• Landforms caused by rivers - Canyons • As a river travels and carries away rocks and soil, it can create a deep groove in the earth’s surface. All along the sides of the river, the groove can get deeper and deeper. In time, this can create a canyon. Depending upon the type of rock along the sides of the river, a canyon can have sharp cliff-like sides. Some canyons are very famous, such as the Grand Canyon or the Snake River Canyon.
    • Landforms caused by rivers - Rapids • River rapids are formed when flowing water comes across soft and hard rocks of differing heights. The water has to alter its flow to bend round the rocks, and when it does, it joins with the water flowing through the rocks. The extra pressure of the water joining together is what causes the rapids.
    • Landforms caused by rivers - Waterfalls • Water falls over hard rock. When it reaches the soft rock, the water starts to wear away the soft rock. Over hundreds or even thousands of years, the soft rock is slowly eaten away or eroded and the river begins to cut down further into the soft rock. This makes a cliff over which the water can topple. Over time, the cliff becomes steeper as more soft rock is eroded, and deeper as bigger boulders come over the waterfall, and the ground gets beaten with more and more rocks until it creates a plunge pool.
    • Landforms caused by rivers - Gorges
    • Landforms caused by rivers - Meanders • A meander is a bend in the river. Meanders are caused by the erosion of river banks. The sediment or earth on the outside of the bend of moving water, and is then deposited on the inside, which builds the meander.
    • Landforms caused by rivers – Oxbow lake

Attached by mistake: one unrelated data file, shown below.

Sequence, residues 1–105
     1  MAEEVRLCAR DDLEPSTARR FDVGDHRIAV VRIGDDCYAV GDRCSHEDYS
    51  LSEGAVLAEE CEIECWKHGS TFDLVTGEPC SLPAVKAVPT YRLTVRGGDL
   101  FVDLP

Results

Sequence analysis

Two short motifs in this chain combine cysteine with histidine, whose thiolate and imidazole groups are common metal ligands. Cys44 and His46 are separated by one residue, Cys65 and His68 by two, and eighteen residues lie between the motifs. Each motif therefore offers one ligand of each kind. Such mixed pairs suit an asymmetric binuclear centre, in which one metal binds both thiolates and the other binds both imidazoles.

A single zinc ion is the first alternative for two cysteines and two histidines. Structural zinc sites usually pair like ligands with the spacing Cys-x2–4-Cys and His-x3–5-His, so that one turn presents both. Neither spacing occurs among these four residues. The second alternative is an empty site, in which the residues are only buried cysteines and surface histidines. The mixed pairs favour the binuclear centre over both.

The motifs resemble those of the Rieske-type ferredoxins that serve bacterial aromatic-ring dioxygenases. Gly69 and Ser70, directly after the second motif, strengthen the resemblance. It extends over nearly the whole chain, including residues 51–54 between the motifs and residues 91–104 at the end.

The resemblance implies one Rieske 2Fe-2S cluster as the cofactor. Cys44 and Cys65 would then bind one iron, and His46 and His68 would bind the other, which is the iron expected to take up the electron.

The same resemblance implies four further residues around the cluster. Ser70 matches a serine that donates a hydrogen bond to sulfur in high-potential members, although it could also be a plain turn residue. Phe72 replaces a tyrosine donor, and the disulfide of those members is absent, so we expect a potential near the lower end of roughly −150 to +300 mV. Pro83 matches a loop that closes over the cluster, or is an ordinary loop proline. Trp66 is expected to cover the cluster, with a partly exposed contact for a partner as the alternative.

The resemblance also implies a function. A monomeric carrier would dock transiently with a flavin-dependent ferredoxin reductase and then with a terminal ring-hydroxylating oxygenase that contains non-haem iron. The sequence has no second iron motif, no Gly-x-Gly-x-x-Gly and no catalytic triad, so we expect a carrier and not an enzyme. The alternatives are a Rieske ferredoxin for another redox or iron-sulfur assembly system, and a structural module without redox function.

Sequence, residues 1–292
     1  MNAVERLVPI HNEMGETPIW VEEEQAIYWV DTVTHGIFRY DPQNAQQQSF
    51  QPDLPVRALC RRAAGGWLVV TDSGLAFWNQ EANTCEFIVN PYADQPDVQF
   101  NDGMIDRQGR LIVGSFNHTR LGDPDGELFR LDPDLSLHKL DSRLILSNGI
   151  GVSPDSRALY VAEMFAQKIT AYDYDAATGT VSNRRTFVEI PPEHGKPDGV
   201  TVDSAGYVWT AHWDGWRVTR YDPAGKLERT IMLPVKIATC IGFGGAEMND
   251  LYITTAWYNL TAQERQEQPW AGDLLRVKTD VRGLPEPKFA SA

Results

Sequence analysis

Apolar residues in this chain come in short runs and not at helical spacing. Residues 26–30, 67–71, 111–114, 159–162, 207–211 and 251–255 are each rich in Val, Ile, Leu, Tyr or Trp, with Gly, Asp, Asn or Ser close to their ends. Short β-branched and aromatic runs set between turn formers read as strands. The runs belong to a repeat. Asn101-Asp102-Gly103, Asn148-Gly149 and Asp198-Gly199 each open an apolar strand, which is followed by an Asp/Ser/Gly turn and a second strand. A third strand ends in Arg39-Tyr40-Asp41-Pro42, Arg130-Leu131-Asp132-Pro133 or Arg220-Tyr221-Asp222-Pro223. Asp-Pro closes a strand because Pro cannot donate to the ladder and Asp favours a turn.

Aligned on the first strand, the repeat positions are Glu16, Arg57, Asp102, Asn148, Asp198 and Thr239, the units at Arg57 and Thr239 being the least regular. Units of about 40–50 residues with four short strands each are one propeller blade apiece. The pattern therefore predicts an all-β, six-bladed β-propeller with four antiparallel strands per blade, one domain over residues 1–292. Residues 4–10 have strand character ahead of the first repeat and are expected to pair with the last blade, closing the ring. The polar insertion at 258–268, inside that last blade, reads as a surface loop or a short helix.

• Landforms caused by rivers – Floodplains • The amount of water being transported in a particular stream at any given time varies with weather conditions. Sometimes, more water pours into a stream than the banks of the stream channel can hold, causing a flood along the river banks. The board, flat area that extends out from a stream's bank and is covered by excess water during times of flooding is know as the stream's floodplain.
    • Landforms caused by rivers – Levees A natural levee is formed by a deposit of sand or mud built up along, and sloping away from, either side of the flood plain of a river or stream. This in done by the action of the water itself. The process occurs slowly over a number of years.
    • Landforms caused by rivers – river mouth • A river mouth or stream mouth is a part of a river where it flows into the sea, river, lake, reservoir or ocean. At the mouth of a river a delta is formed resulting from sediment deposition.
    • Landforms caused by rivers – river mouth • A river delta is a landform that is formed at the mouth of a river, where the river flows into an ocean, sea, estuary, lake, or reservoir. Deltas are formed from the deposition of the sediment carried by the river as the flow leaves the mouth of the river. Over long periods of time, this deposition builds the characteristic geographic pattern of a river delta.